Where is Identity and Access Management headed? What do consumers need for the future, and what defines a ‘consumer’ as compared to a ‘user’?
With technology being a big part of any business, the future of IAM carries great meaning, especially as concepts like cloud solutions, IDaaS (Identity as a Service), BYOD (Bring Your Own Device), IDoT (Identity of Things) and many others get bandied about and become more mainstream. Regarding the future of IAM, both Gartner and KuppingerCole have created outlines for the direction IAM will take. Looking at Gartner‘s IAM research team, they have tried to quantify their vision and identified 5 key trends:
1. Every user is a consumer
New mobile and other non-PC architectures will shape the user access landscape.
Enterprises are demanding scalable solutions for identities and starting to embrace social media, cloud options and BYOD scenarios. This shift requires a business-driven self-service approach to simplify the added complexity that comes with allowing users some control. Faster IAM deployment, mobility options and scalability are driving new IAM solutions, pushing out old and rigid control paradigms that require technicians to maintain. With every user requiring consumer privileges, IAM architectures will need cater to the business as a whole, providing simple interfaces that work across desktop and mobile devices in order to keep up.
2. A competitive marketplace for identities
Social and business identities are converging; the line between work and private life is increasingly becoming blurred, even severed to the point where the two sides meld together for the convenience of the user and the business advantages to the employer. Social Logins from providers like Google, Facebook and PayPal have slowly been working their way into applications that are serving enterprises. Already, several healthcare, automotive, oil and gas, aerospace, defense and government infrastructures use third-party SSO identity providers to support their ID initiatives.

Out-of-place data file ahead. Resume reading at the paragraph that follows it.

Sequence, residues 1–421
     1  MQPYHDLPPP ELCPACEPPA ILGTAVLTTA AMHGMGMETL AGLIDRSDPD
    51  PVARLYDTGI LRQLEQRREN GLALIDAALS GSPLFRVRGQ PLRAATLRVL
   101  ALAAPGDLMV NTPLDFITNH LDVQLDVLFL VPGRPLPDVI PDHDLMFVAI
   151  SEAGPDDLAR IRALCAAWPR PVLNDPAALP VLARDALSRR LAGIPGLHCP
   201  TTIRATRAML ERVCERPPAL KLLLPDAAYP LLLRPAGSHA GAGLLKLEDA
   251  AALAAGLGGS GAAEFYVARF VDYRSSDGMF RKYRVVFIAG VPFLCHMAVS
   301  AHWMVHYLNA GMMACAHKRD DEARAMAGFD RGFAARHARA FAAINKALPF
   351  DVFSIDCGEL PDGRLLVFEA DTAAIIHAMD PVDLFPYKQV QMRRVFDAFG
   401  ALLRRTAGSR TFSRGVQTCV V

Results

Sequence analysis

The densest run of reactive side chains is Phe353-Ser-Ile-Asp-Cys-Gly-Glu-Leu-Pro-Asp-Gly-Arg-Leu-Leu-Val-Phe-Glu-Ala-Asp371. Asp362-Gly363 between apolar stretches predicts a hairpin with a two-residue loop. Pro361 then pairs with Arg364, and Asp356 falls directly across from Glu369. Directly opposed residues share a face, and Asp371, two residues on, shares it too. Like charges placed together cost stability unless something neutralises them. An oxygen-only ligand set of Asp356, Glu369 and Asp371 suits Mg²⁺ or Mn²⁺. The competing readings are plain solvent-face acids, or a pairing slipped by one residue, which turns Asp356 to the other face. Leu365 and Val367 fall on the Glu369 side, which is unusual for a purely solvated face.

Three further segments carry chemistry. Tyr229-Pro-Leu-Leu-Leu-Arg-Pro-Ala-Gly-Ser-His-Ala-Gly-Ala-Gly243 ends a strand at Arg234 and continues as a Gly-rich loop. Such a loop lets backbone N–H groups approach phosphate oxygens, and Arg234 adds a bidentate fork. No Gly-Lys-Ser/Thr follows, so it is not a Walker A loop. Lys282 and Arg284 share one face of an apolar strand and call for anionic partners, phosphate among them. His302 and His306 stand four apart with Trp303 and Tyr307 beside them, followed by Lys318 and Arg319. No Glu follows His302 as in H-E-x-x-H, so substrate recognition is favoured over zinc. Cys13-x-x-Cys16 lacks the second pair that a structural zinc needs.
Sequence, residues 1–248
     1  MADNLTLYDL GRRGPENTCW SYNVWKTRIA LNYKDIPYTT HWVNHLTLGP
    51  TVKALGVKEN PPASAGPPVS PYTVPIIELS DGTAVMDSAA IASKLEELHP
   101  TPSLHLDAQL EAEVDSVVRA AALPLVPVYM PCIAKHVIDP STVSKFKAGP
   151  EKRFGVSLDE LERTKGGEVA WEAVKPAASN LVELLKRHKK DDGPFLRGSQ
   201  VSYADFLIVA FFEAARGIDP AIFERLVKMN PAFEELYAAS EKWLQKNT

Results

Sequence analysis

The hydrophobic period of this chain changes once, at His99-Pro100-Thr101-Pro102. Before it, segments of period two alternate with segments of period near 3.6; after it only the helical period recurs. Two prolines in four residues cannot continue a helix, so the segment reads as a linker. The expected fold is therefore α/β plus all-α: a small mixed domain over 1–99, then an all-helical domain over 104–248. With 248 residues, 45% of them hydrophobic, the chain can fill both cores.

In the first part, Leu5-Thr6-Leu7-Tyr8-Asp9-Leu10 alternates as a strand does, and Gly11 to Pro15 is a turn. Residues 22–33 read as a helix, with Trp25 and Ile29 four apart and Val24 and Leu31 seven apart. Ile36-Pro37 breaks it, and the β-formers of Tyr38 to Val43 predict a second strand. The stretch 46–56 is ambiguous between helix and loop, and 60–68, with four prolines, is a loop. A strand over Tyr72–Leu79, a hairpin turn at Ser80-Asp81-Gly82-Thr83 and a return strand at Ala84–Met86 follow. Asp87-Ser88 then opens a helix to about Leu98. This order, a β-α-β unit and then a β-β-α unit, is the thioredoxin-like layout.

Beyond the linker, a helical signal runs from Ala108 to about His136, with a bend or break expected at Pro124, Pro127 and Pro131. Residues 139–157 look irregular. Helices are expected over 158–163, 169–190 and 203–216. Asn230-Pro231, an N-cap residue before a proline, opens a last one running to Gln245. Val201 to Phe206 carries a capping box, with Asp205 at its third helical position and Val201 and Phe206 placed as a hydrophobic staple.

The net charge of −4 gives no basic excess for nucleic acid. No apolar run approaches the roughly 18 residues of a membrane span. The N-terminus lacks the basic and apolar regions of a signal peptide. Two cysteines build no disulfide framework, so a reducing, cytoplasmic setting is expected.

3. The death of least privilege
Enterprises will increasingly remove restrictions on non-critical or non-sensitive information and assets, allowing all users access to these resources. By opening up basic access to everyone, privileged access becomes easier to manage and IAM costs can be reduced. The principle of least privilege originated with government and military information security policies based on the premise that each user should only have access to the very specific systems and resources they require to complete the individual tasks they are assigned. It’s like putting keycard locks on every single door, cubicle, workstation, toolbox, machine and phone in the building, and then not providing a common room. Obviously enough, the principle of least privilege brings lot of administrative duties with it, and can be highly costly and time consuming to control. One way to be more lenient is to introduce a people-centric approach to security. People-centric security involves identity analytics and intelligence tools, like security behavioral analytics, to monitor, detect and correct user activity and behavior.